This will vary depending on who you're talking to or what the context is. In general hacking in this context refers to exploiting a flaw in a program. It could be a buffer overrun, it could be SQL injection, it could be a timing issue, it could be exploiting a random number generator's un-randomness....

[quote]
By using C or C++, I don't seem to see a way that allows your program to go through that firewall. I couldn't imagine how you write your source code that you can hack your way through that weakness.

And once you've reached Room B, what do you do after that?
[/quote]

It depends on the weakness. In the most traditional version, a buffer overflow attack there's a flaw in the firewall about how it uses C style strings (or buffer parsing). You would write a program (or simple script) to send data to the internal host that is malformed so that the firewall tries to read say... 10000 bytes into a 64 byte buffer. Due to the details of how programs work on many systems, code sits next to data. When the bytes are written to the buffer (remember, buffers in C are just pointers) it writes over the bytes after the actual 64 byte buffer. If you send the right data, it will overwrite the firewall's code with the code you sent. That code is usually something like 'open me a command prompt and listen for more instructions'. As the firewall continues running, it then runs that code instead of the code that it should've.

After that it's academic to go where ever you'd like in the DMZ. Firewalls though are pretty bulletproof. Finding a flaw in code on B (that you can legitimately access) is more common these days.

[quote]
And do you believe the fictitious "hackers" out there capable of doing those amazing things in movies, or books? Do they exist? If yes, tell your story please. :D
[/quote]

[url="http://www.google.com/url?sa=t&source=web&cd=1&ved=0CBUQFjAA&url=http%3A%2F%2Fwww.imdb.com%2Ftitle%2Ftt0105435%2F&rct=j&q=imdb%20sneakers&ei=CT4kTt6gMcyatwe11tG-Aw&usg=AFQjCNFq41RTE50hV9Rsx8Ev6koZOtP5sA&cad=rja"]Sneakers[/url] is probably the most accurate hacking movie you'll find (mostly because it points out that many exploits are human in nature, not technological). By and large, movies overplay their capabilities and never show what it actually involves because it's boring, tedious work.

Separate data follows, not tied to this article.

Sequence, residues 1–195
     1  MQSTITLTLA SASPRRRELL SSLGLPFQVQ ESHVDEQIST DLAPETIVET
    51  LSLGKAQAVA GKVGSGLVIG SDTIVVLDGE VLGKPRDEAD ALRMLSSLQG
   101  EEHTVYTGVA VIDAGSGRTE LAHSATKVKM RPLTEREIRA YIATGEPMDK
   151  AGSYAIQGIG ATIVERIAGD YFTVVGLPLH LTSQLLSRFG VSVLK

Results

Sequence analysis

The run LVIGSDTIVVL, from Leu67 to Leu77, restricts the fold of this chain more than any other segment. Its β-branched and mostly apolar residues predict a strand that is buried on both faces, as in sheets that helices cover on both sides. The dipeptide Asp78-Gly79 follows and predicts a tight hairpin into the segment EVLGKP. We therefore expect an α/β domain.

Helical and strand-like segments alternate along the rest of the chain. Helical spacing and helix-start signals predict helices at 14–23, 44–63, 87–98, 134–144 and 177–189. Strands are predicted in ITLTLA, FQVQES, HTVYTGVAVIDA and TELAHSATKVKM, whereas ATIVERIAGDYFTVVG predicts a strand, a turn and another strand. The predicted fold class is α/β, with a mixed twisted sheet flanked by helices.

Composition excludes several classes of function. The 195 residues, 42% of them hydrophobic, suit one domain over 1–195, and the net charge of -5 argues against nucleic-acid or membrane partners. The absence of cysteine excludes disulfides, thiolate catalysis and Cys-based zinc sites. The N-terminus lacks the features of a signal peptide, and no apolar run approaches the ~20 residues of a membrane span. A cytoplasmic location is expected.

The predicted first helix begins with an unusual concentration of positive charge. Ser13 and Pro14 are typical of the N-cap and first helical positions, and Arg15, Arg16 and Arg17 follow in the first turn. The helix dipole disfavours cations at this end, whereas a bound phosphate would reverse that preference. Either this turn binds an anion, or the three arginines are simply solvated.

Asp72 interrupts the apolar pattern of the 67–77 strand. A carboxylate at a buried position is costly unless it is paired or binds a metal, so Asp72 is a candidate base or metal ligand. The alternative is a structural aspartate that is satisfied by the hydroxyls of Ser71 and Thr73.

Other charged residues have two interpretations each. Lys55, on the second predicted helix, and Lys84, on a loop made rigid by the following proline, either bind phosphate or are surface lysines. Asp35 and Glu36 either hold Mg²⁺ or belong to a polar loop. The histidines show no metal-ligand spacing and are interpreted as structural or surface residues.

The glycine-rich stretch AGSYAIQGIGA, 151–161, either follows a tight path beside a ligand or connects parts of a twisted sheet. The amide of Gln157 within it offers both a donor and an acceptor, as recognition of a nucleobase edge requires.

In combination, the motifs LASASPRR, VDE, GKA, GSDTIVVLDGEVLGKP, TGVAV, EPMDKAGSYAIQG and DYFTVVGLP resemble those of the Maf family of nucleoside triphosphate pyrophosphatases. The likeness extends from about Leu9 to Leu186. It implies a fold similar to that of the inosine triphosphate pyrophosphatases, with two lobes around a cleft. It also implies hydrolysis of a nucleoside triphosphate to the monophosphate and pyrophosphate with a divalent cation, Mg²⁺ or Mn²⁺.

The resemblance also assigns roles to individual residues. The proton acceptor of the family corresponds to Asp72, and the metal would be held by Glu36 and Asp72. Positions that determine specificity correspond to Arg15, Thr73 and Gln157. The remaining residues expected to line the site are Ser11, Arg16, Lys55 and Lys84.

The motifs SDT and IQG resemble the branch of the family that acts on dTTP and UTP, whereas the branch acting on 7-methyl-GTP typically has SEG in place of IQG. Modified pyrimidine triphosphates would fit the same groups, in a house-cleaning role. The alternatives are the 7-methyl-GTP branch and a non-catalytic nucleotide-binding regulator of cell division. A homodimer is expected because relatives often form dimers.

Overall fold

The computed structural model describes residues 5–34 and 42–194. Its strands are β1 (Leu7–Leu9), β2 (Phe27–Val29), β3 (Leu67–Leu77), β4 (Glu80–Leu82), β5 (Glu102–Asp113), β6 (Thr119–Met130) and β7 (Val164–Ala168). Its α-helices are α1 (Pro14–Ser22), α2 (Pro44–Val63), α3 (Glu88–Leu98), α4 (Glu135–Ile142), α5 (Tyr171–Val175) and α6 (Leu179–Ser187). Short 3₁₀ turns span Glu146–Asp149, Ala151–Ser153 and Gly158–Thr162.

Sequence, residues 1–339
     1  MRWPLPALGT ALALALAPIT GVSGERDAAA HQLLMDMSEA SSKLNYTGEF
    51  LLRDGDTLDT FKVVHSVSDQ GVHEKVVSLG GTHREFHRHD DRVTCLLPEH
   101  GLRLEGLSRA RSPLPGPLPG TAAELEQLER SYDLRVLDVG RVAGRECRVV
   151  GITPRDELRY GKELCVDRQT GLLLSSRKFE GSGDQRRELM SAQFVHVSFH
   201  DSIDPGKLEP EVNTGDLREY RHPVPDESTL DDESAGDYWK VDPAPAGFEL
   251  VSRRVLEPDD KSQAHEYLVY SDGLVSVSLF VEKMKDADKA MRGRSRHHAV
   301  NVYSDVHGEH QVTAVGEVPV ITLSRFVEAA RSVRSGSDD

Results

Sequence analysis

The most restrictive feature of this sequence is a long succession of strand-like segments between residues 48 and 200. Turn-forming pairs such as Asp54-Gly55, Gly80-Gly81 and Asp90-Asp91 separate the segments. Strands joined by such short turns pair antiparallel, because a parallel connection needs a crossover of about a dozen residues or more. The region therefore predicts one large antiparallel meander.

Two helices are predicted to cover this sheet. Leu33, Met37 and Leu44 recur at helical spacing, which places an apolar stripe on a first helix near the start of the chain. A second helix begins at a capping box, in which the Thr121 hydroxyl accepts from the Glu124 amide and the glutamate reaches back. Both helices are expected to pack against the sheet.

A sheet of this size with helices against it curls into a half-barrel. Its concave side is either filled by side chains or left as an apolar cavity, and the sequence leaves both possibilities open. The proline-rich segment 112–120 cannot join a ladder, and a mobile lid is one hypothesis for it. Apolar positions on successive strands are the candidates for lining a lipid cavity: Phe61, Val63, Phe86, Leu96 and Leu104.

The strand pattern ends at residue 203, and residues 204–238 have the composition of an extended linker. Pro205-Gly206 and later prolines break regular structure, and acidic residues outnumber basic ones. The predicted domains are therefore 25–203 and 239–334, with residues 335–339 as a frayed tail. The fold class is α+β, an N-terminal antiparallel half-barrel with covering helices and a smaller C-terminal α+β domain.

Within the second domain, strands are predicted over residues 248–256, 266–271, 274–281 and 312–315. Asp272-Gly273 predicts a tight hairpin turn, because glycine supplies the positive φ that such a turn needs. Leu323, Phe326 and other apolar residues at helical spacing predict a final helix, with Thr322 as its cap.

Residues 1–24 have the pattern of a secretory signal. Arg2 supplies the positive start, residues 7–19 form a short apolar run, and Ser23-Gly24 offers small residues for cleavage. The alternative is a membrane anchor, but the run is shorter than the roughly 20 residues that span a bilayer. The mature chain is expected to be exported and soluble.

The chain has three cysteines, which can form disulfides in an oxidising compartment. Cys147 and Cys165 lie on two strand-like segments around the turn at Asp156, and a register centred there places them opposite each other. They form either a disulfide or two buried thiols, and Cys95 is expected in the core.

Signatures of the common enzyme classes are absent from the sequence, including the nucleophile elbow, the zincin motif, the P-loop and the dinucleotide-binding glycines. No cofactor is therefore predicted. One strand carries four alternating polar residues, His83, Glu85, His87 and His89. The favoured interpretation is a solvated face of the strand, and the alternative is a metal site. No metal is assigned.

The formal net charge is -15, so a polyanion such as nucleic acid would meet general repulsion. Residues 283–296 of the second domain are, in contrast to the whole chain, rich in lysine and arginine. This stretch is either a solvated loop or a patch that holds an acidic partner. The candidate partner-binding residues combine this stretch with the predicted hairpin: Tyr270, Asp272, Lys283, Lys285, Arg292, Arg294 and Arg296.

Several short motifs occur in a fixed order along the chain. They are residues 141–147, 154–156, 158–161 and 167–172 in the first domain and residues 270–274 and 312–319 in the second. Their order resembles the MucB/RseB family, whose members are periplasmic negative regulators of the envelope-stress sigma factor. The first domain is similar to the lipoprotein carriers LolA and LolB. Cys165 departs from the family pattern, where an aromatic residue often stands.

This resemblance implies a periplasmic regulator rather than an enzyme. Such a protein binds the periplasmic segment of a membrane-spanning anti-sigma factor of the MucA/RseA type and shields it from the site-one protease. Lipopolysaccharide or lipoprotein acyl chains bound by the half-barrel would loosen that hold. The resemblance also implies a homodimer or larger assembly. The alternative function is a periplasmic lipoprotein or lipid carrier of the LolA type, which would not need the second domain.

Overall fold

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tom_mai78101    693
Thanks for those.

So, hacking is "tinkering objects to find exploits that gives you what you wanted"?

Other than using firewalls, movies depicted that hackers can lock out other users, and take the computer as if the hacker owns it in that person's room. Is that possible, taking control of remote computers?

Since, hacking and firewall are two compassionate objects, strung together very easily. I was thinking if the term "hacking" has other technical uses other than "firewall breaching"?

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Telastyn    3777
[quote name='tom_mai78101' timestamp='1310999632' post='4836821']
Other than using firewalls, movies depicted that hackers can lock out other users, and take the computer as if the hacker owns it in that person's room. Is that possible, taking control of remote computers?
[/quote]

Absolutely. The buffer overflow example I gave should make that clear. Once you've found the exploit, you can run [i]any[/i] code that the user running the code with the exploit could run. If the user is root/admin that means removing users, creating users, (un)installing software... anything. SQL injection follows a similar path. You can run any DB commands as the user who's running the software with the exploit.

Other exploits tend to have less impact.

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Ecofina    84
I happen to have much experience with hacking, and I'd like to point you to some sites that have helped me develop and polish my hacking skill.

[url="http://www.hackthissite.org/"]Hack This Site[/url] ~ This is the ultimate resource for hackers, imo. It teaches you all the basics of hacking on the internet, such as using JavaScript and SQL injections, and even has "missions" for you to test your skills out on. Highly recommended, a great forum community too.

[url="http://www.happyhacker.org/"]The Happy Hacker[/url] ~ This is a little more advanced, but it teaches you how to use your command line (a little black window that comes with your computer to type special commands in) to hack. You can use it to do stuff on your computer, normally, but there are also a handful of commands that can access the internet and aid you in hacking someone, such as the telnet command, which you can use to enter a computer through an open port. It also teaches you how to forge email.

These are great for beginners to intermediate hackers. The more advanced stuff is rather secretive, and us high level hackers don't generally tell new comers about these resources, because if everyone knew exactly how to hack, the internet would be rather unsafe. :wink:

Good luck!